The Road Home: Jared Sackett’s Return to the 2-1-0

Editor’s note: The Runners Rising Project is proud to present this article written by Jared Sackett, Kicker for UTSA’s Football team. Jared, from Fort Worth, Texas, attended Timber Creek High School (Keller, Texas) and was recruited by UTSA as part of the University’s 2017 Recruiting class. Early in his career at UTSA, Jared earned recognition as a Freshman All-American in 2017, setting a school record 19 field goals. In Spring 2019, Jared transferred from UTSA to the University of Arkansas, where he then transferred to the University of Southern Florida in Spring 2020. In late 2021, Jared re-entered the transfer portal and returned home to UTSA. Jared has graciously shared with us, in his own words, his journey back to San Antonio and the Roadrunners. Follow Jared on twitter at @JaredSackett42.

If there’s one thing that I can say for certain, it’s that it sure feels amazing to be a Roadrunner. The opportunity to come home to San Antonio and be welcomed back with open arms is not something I take for granted – I know what it means to have the privilege to represent UTSA as a student athlete. I missed this city while I was gone – but my endeavors afforded me the chance to grow. New perspectives allowed me to figure out who I was, who I am – and where I want to be. 

During my time as a student-athlete in Tampa I was blessed to train and compete with Spencer Shrader, the current kicker for South Florida. I spent two years working with Shrader, who is one of the most athletic, dedicated, and well-rounded players–and for that matter–individuals, that I’ve ever had the pleasure of meeting. He holds a high moral standard throughout every aspect of his life, and I truly admire him for it.  Our friendship is one of the things I’m bringing home from Florida, and I can honestly say that I am a better person because of it.

In 2020, Shrader and I battled for the starting spot week to week, which resulted in both of us seeing the field. As the saying goes, “Iron sharpens Iron,” and we continued our competition through the offseason. When the offseason ended and the season of 2021 opened, Shrader ultimately won the job, and he really had an incredible year. But as happy as I was for his success, I mentally struggled. For as long as I can remember, I had always been the guy. I had thought the 2021 season was going to be my final season, and I watched it from the sidelines. This seemed like an anticlimactic end to my football career, especially after it started with so many magical moments on the gridiron. 

I do not regret any decision or path my life has taken. The choices I’ve made have allowed me to learn from many different people from various walks of life. One individual that I had the pleasure to work with was USF’s Special Teams Analyst Will Gilchrist. Coach Gilchrist recognized I was homesick and struggling, and he made it a point to connect with me.  I feel as if there are few people, let alone coaches, in this world that can positively impact the lives of young athletes the way he did mine. He took time to have many encouraging conversations with me. Coach Gilchrist saw that I was at a proverbial fork in the road, and he helped me rekindle the fire as I continued to put my pads on and lace up my cleats. He helped me realize that I needed to take a step back and remember why I loved to compete. Coach guided me towards finding my passion again and by the time the 2021 season came to a close, I was healthier and kicking better than I ever had before. He shared a brief sermon with me that helped create the drive to find purpose, to be a better athlete, better teammate, a kinder person, and to never stop competing.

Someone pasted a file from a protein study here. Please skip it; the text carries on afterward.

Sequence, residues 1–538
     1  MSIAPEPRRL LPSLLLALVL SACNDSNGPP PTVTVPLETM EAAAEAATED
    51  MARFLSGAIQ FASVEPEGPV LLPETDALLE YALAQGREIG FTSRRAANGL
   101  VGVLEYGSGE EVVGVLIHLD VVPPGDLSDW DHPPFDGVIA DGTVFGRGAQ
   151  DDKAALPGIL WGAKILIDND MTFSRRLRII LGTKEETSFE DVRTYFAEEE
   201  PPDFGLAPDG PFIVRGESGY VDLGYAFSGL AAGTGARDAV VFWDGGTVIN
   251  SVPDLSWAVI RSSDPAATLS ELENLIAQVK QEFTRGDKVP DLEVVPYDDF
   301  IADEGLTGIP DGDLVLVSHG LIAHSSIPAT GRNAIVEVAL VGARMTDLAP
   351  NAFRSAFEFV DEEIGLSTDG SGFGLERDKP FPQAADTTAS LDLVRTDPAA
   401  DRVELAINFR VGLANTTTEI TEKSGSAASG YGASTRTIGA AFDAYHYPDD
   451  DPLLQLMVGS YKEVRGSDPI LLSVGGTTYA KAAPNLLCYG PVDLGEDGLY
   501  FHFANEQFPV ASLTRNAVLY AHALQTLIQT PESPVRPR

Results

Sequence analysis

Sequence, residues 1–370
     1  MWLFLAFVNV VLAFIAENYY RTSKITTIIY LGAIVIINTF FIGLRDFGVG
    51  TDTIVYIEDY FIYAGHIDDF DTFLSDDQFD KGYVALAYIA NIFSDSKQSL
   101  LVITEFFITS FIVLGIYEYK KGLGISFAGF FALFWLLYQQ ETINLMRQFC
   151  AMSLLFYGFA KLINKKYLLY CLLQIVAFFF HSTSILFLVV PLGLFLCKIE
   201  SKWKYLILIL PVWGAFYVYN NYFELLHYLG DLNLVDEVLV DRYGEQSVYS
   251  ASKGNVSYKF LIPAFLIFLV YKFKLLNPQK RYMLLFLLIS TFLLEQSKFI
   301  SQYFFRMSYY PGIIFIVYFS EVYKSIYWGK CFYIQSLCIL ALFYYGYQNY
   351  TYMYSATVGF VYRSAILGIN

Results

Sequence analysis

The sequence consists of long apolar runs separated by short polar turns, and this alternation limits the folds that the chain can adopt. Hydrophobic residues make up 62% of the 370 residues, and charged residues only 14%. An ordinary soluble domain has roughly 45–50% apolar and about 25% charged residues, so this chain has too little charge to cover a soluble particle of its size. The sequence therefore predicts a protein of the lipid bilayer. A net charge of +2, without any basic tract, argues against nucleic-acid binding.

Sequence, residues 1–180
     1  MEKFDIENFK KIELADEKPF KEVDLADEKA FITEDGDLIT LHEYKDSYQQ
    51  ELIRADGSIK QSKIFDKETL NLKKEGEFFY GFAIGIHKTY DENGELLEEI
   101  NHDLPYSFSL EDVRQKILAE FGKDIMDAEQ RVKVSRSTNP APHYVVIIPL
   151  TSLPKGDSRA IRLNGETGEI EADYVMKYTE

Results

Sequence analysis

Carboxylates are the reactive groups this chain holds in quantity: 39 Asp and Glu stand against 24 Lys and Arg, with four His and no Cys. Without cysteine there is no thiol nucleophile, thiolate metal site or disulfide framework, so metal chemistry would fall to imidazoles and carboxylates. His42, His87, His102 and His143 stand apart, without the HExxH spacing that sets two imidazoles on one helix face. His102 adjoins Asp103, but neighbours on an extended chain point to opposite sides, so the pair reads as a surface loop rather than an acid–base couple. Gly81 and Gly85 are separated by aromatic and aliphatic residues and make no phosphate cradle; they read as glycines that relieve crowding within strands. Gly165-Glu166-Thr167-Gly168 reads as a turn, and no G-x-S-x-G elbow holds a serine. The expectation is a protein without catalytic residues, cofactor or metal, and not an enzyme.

Jared Sackett enjoys a day at the Pearl. Photo credit: UTSA Long Snapper Caleb Cantrell (@calebcantrell26).

Due to the NCAA’s ruling that the 2020 season did not count towards eligibility, I was fortunate to enter the transfer portal. I hoped for the chance to play one last season and to begin a graduate program.  My journey has been a unique one, and I wouldn’t have done justice to myself or those who have helped me along the way if I didn’t take time to reflect and appreciate the lessons. I knew that I wanted to go someplace that I could be successful, but most importantly, happy. This will be my last season as a student athlete, and I knew I needed somewhere that would allow me to maximize the short time I have left.

My time in the transfer portal was full of phone calls, emails, and anticipation. After so many conversations with coaches, confidants, mentors, and family, all the discussions start to blend together. Except for one. There was no fake recruiting scheme or long interview-like conversation. As soon as I picked up the phone, a familiar deep Texas accent said, “Jared, how ‘bout you come home brother.” I knew right away where I wanted to be.

On November 29th, 2021, I committed to coming home. I traveled all over the country and to 3 different schools in pursuit of the elusive dream of a NFL opportunity, but no place compared to UTSA. I knew if I had the opportunity, I would not hesitate to come back home. I am beyond excited to be able to come back to the city, school, and fanbase that I love.

I have enrolled in the UTSA Carlos Alvarez College of Business and am working at earning an MBA. To be able to pursue my education while playing sports has been a dream of mine ever since I can remember. I am forever grateful to UTSA for not only giving me that opportunity once, but twice during my collegiate career. Since this bird has landed, the coaches and players have exceeded my expectations of the incredible culture that was built here. I intend to continue to grow and excel for the UTSA Roadrunners and become an alumnus so I can call this place home for the rest of my life. 

I say this with the utmost pride – Go ‘Runners!

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